Image: Elín Hansdóttir, Untitled (2009, detail). Archival inkjet prints. Courtesy of the artist and i8 Gallery, Reykjavik
What sort of literature would a nation with a literacy rate of 100%, the highest per-capita publication of books and magazines in the world, and a population famous for its love of fiction and poetry produce? This month we find out as we showcase the work of writers from Iceland, the guest of honor at this year's Frankfurt Book Fair. Iceland’s passionate literary culture has fostered a vibrant and diverse national literature, grounded in the sagas yet urgent as today's news. The work gathered here addresses ecological and financial turmoil, as parking lots replace forests, tradition is acknowledged only to be subverted, and both social and natural resources are endangered. But the news is not all grim, and the writers deliver it with sly wit and the Nordic flair for storytelling. Nordic Council Literature Prizewinner Gyrdir Eliasson discovers hell on earth, also known as Ikea. Þórarinn Eldjárn tells how a common language destroys a harmonious Babel. In work by two former Sugarcubes, Sjón finds Marie Curie in a portrait by Edvard Munch, and Bragi Olafsson's Christmas tale blends chamber music and malevolence. Andri Snær Magnason’s young boy loses his grandfather and gains a sense of mortality. Gerður Kristný pens an ode to ice, snow, and national character, while Kristin Omarsdottir sets the table for some unusual guests. Olafur Gunnarsson channels Scheherazade in a classic tale with a twist. Sigurbjorg Þrastardottir visits a café with a life of its own. And Sindri Freysson realizes the real news never makes the paper. We thank Bókmenntasjóður/The Icelandic Literature Fund for their support.
Strindberg had ended up after death here, in a branch of IKEA in Iceland.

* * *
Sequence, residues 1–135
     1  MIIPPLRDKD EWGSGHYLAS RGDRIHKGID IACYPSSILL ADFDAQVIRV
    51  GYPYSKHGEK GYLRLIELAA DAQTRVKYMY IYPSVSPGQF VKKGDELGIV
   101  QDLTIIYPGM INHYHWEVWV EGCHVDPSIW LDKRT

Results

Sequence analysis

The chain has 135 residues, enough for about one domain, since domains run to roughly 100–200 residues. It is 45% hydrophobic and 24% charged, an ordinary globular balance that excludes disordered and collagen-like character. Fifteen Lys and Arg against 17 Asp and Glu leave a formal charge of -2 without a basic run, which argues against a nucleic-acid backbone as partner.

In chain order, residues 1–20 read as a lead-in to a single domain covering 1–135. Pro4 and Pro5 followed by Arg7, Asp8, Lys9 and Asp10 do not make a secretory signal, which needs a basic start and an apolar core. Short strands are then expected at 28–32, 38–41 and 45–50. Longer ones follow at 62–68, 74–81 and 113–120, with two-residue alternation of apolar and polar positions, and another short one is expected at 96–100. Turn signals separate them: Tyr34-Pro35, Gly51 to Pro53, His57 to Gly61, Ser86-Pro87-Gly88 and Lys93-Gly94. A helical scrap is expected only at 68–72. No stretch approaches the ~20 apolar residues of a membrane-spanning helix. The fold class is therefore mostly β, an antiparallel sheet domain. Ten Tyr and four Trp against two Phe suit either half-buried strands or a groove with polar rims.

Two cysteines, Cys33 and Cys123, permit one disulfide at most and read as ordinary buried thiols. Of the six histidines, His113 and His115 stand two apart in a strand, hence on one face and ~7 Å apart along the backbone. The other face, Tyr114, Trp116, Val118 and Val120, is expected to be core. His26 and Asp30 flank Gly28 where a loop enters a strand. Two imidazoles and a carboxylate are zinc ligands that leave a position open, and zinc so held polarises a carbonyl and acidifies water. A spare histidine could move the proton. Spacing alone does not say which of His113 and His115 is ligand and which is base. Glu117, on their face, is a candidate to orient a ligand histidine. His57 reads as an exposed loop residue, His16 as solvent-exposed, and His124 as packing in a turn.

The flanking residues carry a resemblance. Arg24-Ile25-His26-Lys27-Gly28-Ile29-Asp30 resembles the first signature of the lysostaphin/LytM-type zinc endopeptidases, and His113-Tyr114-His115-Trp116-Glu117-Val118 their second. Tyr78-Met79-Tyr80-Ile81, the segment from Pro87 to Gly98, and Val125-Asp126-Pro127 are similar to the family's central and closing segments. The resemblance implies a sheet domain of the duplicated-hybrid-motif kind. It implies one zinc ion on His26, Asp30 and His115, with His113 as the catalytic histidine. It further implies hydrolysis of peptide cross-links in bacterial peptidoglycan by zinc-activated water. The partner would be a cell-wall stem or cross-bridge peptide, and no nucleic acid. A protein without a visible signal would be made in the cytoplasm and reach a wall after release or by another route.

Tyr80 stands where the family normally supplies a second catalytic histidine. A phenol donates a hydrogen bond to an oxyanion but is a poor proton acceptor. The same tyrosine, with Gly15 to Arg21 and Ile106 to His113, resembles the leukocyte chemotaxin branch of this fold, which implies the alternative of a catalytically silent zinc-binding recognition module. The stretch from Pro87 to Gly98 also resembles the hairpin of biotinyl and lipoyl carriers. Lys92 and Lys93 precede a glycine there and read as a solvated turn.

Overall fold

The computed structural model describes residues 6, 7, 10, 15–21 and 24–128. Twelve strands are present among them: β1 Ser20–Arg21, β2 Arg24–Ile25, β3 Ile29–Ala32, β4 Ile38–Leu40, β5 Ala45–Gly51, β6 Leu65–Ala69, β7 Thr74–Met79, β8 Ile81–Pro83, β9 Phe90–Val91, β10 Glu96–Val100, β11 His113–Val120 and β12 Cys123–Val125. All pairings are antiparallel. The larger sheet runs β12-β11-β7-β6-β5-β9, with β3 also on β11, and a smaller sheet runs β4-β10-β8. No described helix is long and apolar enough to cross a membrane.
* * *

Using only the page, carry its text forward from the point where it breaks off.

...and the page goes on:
The Sound Words Have
Once there was a town where no two people spoke the same language.
Marie was alone there and showed the painter how she and Pierre / wrestled with radium
The earth (like the heart) leans back in its seat
the stone collector’s song
Sulphur–pyrite–opal / and jasper–dear friends!
He’ll eat anything except people and foxes.
The cold makes me / a lair from fear.
I try to be / kind to the children / so they’ll tend my grave
The Chamber Music
I'll possibly throw myself onto the pyre.
You have all sucked at my breasts.
Three Women Poets
A man in a pirate sweater / comes in through the door
The Slayer of Souls
She very much enjoyed being made love to by her husband in a bed that had belonged to another woman.
four creaking wheels
perhaps they’re kindling the ovens at the crematorium.
Up and down the hill the dead pass, patting the café wall.
She says / she’s preparing herself.
Reviewed by Thomas Bunstead
"Down the Rabbit Hole" is told from the point of view not of a gangster, a cop or a prostitute, but that of a young child.
Reviewed by Emma Garman
Happily for psychological posterity and for us, Tonia Ben-Barak and her never-ending battle against grime have been commemorated by her grandson